Momentum is gathering in the Wolverine State to replace beleaguered blue model defined-benefit pension systems with the more sustainable 401(k) style plans that are the norm in the private sector. The Associated Press reports:
Struggling under the weight of pension and health care obligations, Michigan lawmakers appear ready to take another whack at public employee benefits — a move that reflects renewed determination to shift workers to 401(k)-style retirement systems, even if it happens in baby steps. […]
The proposals could serve as a national blueprint, and they will provoke a pitched battle with public unions that are desperate to preserve traditional benefits.
A large-scale switch to defined-contribution pension plans wouldn’t just stop the cycle of union lobbying, legislative over-promising and public budget-busting that has created a multi-trillion dollar pension crisis nationwide; it could also help improve the quality of the civil service. One effect of defined-benefit pension systems is to lock workers in place, preventing them from switching careers for decades if they ever want to see a cent of their benefits. (This in turn makes unions fight tooth and nail to make it as difficult as possible to replace underperforming public employees). Making those benefits portable would help make the public sector workforce more dynamic and merit-based.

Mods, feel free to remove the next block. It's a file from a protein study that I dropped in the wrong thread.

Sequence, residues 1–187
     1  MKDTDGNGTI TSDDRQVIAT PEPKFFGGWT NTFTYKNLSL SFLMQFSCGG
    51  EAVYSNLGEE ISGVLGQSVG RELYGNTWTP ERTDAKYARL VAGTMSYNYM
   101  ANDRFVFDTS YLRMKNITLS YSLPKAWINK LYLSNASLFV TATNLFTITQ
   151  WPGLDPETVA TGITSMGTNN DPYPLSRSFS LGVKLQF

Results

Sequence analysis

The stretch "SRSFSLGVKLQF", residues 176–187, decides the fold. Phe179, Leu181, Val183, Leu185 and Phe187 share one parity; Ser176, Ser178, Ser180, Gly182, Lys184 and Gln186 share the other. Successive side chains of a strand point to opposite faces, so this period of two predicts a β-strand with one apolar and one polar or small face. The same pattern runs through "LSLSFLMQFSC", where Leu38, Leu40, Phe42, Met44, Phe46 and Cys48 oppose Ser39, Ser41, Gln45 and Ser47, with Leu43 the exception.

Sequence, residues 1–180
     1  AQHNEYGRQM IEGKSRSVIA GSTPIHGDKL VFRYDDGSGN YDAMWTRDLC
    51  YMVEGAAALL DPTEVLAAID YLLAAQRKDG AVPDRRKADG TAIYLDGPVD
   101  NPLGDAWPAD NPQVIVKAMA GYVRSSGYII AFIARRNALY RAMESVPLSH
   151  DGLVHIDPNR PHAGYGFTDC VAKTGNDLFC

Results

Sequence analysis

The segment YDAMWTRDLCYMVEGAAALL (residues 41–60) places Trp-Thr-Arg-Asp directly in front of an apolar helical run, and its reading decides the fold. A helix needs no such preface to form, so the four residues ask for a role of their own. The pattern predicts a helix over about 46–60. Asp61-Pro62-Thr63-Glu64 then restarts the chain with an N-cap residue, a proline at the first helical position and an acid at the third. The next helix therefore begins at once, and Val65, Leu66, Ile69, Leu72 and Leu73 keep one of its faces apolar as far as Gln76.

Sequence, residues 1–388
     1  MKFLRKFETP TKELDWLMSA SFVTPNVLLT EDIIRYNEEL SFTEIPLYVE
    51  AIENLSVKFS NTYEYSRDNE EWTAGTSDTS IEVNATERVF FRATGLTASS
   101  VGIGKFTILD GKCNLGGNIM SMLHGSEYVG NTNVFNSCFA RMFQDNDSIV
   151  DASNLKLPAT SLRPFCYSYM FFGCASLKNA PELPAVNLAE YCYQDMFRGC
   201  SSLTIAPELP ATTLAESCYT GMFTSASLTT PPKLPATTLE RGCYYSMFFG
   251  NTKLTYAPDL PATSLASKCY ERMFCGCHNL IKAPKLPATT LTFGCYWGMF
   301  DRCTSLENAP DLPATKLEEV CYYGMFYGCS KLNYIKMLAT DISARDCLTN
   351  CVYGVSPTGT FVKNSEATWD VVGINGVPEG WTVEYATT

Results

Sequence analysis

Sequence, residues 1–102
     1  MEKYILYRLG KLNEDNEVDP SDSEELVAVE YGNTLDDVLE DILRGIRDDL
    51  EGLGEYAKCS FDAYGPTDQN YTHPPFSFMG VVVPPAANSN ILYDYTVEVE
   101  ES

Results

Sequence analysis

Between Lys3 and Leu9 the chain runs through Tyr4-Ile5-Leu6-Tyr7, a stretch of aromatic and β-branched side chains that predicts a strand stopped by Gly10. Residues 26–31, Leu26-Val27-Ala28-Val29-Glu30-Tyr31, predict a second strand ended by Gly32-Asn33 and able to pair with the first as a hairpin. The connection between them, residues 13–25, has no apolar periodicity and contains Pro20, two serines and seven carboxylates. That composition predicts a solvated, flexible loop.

Moreover, 401(k) style plans are conducive able to adjust to demographic changes. If a state or metro area has a booming population and economy, policymakers may think can afford defined-benefit pensions to be financed by future generations. But if the population (and tax revenue) stagnates unexpectedly—as happened in Michigan over the past two decades—then the government is still stuck paying massive pension bills for years to come.
Here’s hoping that the Rick Snyder administration in Michigan can beat back public unions and make this change, and that other states do the same before their pension time bombs take out funding for vital public services.